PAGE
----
Contracts are bad for business and bad for relationships. It is time we forget about them. Burn them. Now, before you actually go and put your contracts in the shredder (or crucify me for blasphemy), hear me out.
Relationships are the foundation
Think of your relationship with your clients. And think of the best relationship that you have ever had with any of your clients. The best business relationship is almost akin to a friendship. You feel that you can be open, you feel understood and you know you can be direct to each other. You think of the wellbeing of the other party as much as your own. And you try to help each other.
Now, when there is a matter of life and death situation, who do you go to? Who do you rely on? Perhaps your partner, your siblings, and most commonly, your friends or neighbours. These relationships, the relationships we have with the people we choose to associate with, are not governed by any contracts. We are willing to entrust our most prized possessions, our lives and the wellbeing of our children to people with whom we have no officially signed contracts.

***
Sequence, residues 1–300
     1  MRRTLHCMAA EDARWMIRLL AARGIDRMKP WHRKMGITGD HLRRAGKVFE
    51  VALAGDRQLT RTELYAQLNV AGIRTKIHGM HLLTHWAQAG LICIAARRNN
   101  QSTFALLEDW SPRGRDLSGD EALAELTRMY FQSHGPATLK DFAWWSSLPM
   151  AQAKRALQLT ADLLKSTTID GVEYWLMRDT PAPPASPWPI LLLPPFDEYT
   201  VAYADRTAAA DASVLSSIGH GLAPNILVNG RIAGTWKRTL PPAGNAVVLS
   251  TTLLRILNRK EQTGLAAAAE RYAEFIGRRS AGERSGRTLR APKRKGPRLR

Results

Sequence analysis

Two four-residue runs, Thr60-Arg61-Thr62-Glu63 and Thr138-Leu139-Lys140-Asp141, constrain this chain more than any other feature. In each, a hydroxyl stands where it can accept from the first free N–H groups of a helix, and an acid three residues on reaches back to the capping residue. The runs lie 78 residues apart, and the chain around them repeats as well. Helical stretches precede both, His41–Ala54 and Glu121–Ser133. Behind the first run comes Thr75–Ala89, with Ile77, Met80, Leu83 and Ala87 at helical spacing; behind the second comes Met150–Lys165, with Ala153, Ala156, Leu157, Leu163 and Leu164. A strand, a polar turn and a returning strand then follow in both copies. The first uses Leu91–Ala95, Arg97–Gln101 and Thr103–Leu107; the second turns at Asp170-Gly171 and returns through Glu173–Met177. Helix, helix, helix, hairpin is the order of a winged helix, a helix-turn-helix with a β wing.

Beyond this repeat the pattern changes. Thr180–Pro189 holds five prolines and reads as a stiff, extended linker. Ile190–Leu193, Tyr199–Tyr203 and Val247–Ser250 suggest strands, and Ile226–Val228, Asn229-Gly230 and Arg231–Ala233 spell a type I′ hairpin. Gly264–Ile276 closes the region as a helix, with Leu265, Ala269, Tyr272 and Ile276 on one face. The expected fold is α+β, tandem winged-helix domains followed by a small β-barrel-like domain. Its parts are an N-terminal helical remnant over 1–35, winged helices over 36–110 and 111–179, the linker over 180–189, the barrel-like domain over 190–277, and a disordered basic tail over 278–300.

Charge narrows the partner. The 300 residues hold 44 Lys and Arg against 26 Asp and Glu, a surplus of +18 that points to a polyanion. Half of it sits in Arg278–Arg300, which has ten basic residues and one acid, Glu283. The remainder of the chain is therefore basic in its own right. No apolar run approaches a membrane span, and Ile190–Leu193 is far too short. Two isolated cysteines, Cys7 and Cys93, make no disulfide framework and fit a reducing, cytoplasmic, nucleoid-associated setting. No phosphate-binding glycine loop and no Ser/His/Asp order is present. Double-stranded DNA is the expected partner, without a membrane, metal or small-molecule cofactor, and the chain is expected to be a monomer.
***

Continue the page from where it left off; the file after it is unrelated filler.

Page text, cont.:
So why should we use contracts for far less important matters?
Contracts with your friends
Yes, you can easily say, my client is not my friend. But, then again, why not? Because you don’t exchange goods and services with your friends? Because you cannot develop a personal relationship with each one of your clients? Why not?